The TRC was created in 1891 to oversee the national railroads. Shortly thereafter, it got tasked with overseeing oil too. That turned out to be an incredible responsibility, because Texas had more oil than anyone had guessed, and because oil, for reasons Prindle explains, is a business that defies the principles of classical economics: "an unregulated oil industry is incapable of acting rationally." Insofar as the TRC was responsible for prorating oil production in Texas, it ended up with a mammoth and unanticipated degree of influence over the economy of Texas, the United States, and the world.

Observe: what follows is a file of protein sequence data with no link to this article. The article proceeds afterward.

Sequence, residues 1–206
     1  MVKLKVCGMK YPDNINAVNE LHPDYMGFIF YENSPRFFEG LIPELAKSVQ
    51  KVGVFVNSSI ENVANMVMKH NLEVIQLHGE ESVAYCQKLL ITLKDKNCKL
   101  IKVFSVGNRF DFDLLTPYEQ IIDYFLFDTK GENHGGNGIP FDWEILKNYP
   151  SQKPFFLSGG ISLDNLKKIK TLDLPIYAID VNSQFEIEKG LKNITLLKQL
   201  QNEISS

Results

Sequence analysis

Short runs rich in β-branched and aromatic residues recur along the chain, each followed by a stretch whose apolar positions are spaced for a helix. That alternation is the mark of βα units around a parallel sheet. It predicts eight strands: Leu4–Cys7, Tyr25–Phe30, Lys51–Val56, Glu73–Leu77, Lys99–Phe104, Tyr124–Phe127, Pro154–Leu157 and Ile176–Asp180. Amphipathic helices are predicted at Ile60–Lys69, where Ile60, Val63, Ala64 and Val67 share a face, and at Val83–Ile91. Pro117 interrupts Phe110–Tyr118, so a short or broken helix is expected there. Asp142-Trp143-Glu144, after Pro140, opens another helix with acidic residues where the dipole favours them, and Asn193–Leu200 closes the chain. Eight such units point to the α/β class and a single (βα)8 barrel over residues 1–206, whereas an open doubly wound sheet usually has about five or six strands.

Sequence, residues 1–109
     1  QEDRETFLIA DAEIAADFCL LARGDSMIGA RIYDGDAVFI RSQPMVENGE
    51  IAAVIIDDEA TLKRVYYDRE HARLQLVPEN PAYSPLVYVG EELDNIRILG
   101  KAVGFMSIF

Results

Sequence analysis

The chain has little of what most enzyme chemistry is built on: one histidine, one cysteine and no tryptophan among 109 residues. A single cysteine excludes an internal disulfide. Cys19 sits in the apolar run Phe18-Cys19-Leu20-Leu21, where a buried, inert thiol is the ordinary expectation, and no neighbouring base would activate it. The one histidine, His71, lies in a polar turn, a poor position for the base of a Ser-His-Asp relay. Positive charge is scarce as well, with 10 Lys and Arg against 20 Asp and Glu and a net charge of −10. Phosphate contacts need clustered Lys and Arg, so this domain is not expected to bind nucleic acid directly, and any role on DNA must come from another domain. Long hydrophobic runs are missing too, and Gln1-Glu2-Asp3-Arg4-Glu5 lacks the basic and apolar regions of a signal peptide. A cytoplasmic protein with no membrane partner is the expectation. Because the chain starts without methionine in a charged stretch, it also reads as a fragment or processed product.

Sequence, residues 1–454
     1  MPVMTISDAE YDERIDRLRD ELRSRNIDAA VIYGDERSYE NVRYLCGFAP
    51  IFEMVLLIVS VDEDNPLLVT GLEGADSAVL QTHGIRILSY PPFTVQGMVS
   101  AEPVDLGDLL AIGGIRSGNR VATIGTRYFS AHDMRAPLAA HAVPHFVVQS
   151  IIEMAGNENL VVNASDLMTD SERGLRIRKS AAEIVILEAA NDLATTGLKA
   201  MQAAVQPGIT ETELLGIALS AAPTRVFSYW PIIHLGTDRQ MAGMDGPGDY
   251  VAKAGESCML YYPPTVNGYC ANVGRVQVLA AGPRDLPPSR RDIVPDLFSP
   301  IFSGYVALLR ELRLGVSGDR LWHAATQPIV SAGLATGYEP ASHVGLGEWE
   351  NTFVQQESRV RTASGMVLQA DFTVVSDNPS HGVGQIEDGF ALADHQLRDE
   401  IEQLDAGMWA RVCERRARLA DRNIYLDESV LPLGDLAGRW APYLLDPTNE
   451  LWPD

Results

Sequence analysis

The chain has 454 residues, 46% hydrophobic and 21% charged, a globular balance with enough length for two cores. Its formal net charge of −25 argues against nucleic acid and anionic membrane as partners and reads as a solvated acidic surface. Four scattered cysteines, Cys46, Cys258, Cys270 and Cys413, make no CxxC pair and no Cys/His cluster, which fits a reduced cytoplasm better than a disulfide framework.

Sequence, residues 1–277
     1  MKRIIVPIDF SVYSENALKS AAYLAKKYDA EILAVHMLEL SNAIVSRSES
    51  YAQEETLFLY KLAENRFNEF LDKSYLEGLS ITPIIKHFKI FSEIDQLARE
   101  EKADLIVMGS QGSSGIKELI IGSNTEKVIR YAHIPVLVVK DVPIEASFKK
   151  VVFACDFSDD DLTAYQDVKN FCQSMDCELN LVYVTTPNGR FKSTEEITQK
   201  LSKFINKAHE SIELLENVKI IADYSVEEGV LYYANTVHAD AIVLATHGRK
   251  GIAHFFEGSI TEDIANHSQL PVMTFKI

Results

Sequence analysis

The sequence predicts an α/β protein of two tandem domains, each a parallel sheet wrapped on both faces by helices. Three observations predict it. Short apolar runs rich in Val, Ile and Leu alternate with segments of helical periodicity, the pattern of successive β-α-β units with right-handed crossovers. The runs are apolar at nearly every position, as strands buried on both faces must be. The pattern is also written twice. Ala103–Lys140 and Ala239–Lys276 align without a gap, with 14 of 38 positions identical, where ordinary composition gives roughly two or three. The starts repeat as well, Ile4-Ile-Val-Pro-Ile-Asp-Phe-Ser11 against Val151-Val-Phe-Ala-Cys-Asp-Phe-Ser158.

This is easily the most interesting book I've ever read about a state regulatory agency. I would also recommend it if you're interested in: Texas, energy, resource economics, the balance of power between the federal government and the states, the relationship between the private and public sectors, decision-making under conditions of uncertainty, or long-range planning in a democratic political context.